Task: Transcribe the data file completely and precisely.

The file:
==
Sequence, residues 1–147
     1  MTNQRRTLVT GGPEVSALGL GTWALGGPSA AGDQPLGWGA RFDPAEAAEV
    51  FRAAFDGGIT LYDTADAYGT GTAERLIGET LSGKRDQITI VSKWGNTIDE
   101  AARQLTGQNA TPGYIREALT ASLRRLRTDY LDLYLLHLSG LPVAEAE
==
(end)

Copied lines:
Sequence, residues 1–147
     1  MTNQRRTLVT GGPEVSALGL GTWALGGPSA AGDQPLGWGA RFDPAEAAEV
    51  FRAAFDGGIT LYDTADAYGT GTAERLIGET LSGKRDQITI VSKWGNTIDE
   101  AARQLTGQNA TPGYIREALT ASLRRLRTDY LDLYLLHLSG LPVAEAE